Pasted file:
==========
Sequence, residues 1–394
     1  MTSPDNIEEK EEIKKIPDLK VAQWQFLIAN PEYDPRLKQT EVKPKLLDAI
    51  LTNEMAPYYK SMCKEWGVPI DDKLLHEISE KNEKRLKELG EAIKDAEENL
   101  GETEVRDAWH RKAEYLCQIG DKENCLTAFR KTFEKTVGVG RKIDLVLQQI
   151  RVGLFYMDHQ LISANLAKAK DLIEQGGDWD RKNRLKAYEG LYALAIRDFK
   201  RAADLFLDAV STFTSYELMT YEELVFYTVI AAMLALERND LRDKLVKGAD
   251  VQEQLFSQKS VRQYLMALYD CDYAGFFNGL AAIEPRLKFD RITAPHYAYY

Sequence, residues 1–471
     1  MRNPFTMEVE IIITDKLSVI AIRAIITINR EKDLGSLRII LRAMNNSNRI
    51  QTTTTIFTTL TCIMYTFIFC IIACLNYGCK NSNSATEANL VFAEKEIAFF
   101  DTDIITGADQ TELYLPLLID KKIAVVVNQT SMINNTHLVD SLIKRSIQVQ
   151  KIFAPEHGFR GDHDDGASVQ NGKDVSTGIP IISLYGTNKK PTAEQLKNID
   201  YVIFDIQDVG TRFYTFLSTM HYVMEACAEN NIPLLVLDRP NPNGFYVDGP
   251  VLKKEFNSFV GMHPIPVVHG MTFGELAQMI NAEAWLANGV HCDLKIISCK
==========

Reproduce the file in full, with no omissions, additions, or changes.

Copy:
Sequence, residues 1–394
     1  MTSPDNIEEK EEIKKIPDLK VAQWQFLIAN PEYDPRLKQT EVKPKLLDAI
    51  LTNEMAPYYK SMCKEWGVPI DDKLLHEISE KNEKRLKELG EAIKDAEENL
   101  GETEVRDAWH RKAEYLCQIG DKENCLTAFR KTFEKTVGVG RKIDLVLQQI
   151  RVGLFYMDHQ LISANLAKAK DLIEQGGDWD RKNRLKAYEG LYALAIRDFK
   201  RAADLFLDAV STFTSYELMT YEELVFYTVI AAMLALERND LRDKLVKGAD
   251  VQEQLFSQKS VRQYLMALYD CDYAGFFNGL AAIEPRLKFD RITAPHYAYY

Sequence, residues 1–471
     1  MRNPFTMEVE IIITDKLSVI AIRAIITINR EKDLGSLRII LRAMNNSNRI
    51  QTTTTIFTTL TCIMYTFIFC IIACLNYGCK NSNSATEANL VFAEKEIAFF
   101  DTDIITGADQ TELYLPLLID KKIAVVVNQT SMINNTHLVD SLIKRSIQVQ
   151  KIFAPEHGFR GDHDDGASVQ NGKDVSTGIP IISLYGTNKK PTAEQLKNID
   201  YVIFDIQDVG TRFYTFLSTM HYVMEACAEN NIPLLVLDRP NPNGFYVDGP
   251  VLKKEFNSFV GMHPIPVVHG MTFGELAQMI NAEAWLANGV HCDLKIISCK